Every once in a while I like to use my WordPress Reader to browse different categories, and typically I’ll have a look in the TAPIF one to see what new assistants are posting these days.
Typically these blogs remind me of the excitement of arriving, the fun of traveling, and the frustration of improving French skills.
But a post I read recently reminded me of the downside of the assistantship: the loneliness.
I had great assistant friends my assistant year, and even a few French friends in the small town I lived in. I lived in the school’s boarding house where the three other assistants also had rooms, as well as one or two of the school’s surveillants on their nights off.
But still, there were a lot of weeks where I did hardly anything at all. Bar le Duc had very little night life, and just one good bar. The other assistants sometimes kept to themselves other than a weekly movie night at the 6-screen cinema. Doors were typically closed in the boarding house and if we ate together it was by accident. I spent a lot of time reading or on the Internet, and going to Nancy on weekends. I remember one particularly difficult week when I had just been to Spain with les filles, and returned to Bar le Duc to see hardly anyone all week.
In retrospect, if I’d been a little more confident, I would have tried to encourage a more communal culture at the boarding house. Because of the language and cultural barrier, I sometimes didn’t understand invitations from the two professeurs-stagiaires at the school. One of them was from Bretagne and was surely lonely living in Bar le Duc, but as a foreigner I didn’t have the guts to assume she’d want to hang out.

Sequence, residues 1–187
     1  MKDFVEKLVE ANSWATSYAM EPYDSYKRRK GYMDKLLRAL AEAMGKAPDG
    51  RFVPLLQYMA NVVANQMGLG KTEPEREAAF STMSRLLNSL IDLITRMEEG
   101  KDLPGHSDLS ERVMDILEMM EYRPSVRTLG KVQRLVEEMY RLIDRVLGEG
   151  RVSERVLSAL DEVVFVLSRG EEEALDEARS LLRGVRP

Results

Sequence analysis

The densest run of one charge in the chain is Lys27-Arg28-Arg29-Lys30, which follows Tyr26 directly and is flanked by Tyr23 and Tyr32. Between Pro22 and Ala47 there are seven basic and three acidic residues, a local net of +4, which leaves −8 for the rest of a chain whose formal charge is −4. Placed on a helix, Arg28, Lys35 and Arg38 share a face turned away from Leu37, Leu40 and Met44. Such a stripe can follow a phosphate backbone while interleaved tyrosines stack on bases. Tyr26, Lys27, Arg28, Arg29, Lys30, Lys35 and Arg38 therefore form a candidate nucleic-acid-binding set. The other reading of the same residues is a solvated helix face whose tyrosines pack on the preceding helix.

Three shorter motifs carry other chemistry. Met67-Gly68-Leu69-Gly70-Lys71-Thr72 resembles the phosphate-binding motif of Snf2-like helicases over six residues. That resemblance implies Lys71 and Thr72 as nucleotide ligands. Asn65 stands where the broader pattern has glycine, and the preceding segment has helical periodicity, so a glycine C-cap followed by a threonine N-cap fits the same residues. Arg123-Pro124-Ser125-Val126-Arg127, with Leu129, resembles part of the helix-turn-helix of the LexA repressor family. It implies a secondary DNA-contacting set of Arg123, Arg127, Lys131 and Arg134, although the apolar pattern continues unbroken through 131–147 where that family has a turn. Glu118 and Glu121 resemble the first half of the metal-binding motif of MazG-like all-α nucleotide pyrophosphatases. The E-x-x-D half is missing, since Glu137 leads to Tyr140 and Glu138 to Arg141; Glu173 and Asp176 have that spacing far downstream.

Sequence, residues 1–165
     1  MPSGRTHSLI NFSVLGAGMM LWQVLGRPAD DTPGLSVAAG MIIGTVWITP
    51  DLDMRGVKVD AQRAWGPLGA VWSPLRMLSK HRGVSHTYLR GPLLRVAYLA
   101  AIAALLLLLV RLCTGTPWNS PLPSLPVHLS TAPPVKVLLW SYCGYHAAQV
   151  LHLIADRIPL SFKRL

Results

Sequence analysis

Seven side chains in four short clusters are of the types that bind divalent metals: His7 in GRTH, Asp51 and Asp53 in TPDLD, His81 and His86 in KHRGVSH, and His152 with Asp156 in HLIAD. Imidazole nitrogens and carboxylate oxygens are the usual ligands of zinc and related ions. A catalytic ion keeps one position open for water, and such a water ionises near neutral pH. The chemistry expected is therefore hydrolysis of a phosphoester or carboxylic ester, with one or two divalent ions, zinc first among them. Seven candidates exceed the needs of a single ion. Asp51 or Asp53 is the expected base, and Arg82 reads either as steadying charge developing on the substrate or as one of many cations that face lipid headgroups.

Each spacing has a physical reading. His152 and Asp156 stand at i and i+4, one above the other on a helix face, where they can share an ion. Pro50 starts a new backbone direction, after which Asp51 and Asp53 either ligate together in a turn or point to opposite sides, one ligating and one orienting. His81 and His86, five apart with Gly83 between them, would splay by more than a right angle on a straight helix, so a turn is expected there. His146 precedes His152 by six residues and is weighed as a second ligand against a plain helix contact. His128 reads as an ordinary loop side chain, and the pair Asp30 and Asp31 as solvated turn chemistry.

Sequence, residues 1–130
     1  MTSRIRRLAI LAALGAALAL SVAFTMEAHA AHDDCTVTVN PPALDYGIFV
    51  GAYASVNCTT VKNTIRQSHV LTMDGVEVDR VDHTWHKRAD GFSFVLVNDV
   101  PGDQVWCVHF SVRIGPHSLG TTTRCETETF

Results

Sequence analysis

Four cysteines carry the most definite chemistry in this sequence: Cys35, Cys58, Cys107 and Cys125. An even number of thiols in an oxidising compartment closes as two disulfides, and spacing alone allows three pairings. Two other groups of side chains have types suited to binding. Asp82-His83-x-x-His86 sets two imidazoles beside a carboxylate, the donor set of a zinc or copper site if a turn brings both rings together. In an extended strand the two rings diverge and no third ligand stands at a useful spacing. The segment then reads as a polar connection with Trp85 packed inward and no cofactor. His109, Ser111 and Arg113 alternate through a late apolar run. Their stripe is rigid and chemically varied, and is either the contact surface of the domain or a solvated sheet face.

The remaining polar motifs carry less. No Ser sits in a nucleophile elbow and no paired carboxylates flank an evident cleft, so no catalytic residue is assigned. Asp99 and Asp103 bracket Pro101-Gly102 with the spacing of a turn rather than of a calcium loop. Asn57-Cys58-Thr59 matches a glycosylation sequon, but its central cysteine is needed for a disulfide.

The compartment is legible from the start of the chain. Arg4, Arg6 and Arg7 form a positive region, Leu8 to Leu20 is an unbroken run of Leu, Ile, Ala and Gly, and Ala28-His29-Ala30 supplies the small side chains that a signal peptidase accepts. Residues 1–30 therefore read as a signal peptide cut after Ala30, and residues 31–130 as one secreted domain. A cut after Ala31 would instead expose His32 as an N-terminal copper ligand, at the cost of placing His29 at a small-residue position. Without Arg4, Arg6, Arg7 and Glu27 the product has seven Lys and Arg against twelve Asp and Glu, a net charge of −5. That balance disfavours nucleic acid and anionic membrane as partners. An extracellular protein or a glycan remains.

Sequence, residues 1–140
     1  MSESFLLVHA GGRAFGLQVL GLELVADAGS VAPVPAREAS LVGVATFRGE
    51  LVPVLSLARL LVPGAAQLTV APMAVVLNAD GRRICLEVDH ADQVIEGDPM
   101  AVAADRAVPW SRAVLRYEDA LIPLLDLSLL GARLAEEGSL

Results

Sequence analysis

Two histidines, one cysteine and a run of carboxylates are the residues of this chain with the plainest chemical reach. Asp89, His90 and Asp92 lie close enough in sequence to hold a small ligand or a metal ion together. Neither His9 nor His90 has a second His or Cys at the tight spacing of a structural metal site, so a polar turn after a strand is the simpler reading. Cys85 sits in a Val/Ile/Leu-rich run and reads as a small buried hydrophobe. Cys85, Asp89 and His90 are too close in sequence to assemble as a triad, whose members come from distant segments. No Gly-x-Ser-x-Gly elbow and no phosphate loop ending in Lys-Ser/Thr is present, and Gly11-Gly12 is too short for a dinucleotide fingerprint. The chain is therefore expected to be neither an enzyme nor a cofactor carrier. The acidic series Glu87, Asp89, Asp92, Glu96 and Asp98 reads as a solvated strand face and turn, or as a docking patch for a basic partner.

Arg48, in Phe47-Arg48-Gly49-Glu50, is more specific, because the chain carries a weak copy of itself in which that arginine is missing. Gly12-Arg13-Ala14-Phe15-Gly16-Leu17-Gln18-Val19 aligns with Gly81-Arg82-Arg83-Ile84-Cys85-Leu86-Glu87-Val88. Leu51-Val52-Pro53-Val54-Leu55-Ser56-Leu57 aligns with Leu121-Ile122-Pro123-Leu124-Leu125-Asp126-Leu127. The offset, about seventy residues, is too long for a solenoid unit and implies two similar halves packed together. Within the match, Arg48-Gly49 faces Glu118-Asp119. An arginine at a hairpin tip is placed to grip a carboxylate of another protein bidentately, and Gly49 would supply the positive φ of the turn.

My year as a lectrice in Reims was also difficult at times, in fact, definitely more so than the year in Bar le Duc. Reims has a reputation for being unfriendly. There never seemed to be much going on in spite of it being a relatively large and certainly pretty city. The lecteurs from the fac de langues were a lifesaver that year, but even so, unless you truly hit it off with a couple of new close friends, it’s hard to overcome loneliness with just the help of one or two people. Most of the year I only worked Mondays and Tuesdays, and found myself wishing for more hours. I went to a number of soirées where I didn’t have a lot of fun, but felt good for at least having gotten out of the house.
In the end, if I had to do it all over again, I would:
1) Never say no to any invitation of any sort.
2) Not be afraid to impose myself on people, in a polite way. I think French people appreciate outgoing-ness, and take invitations for coffee or dinner more seriously than Americans, as a real gesture rather than just a courtesy.
I can’t say I really have these same problems today, now that I have a full-time job and a live-in boyfriend. But when he’s gone and I’m off work, it can be a surprise to find myself wondering what to do with myself (besides more work of course). French friends, like young people all over the world, come and go as their studies or jobs end, and that’s the case for me and Ju these days. Many of our good friends are a three-hour drive or more away. Fortunately we have each other, but I should possibly start following my own advice (see #s 1, 2) some time soon.
I wonder sometimes if this phenomenon of expat loneliness is not just from the expat-ness of it all, but also from the difficulty readjusting after college. People used to tell me that it was harder to find friends after Macalester—you’re no longer surrounded by 2000 people of your age with similar interests, looking to make friends.
Any wisdom or similar experiences out there?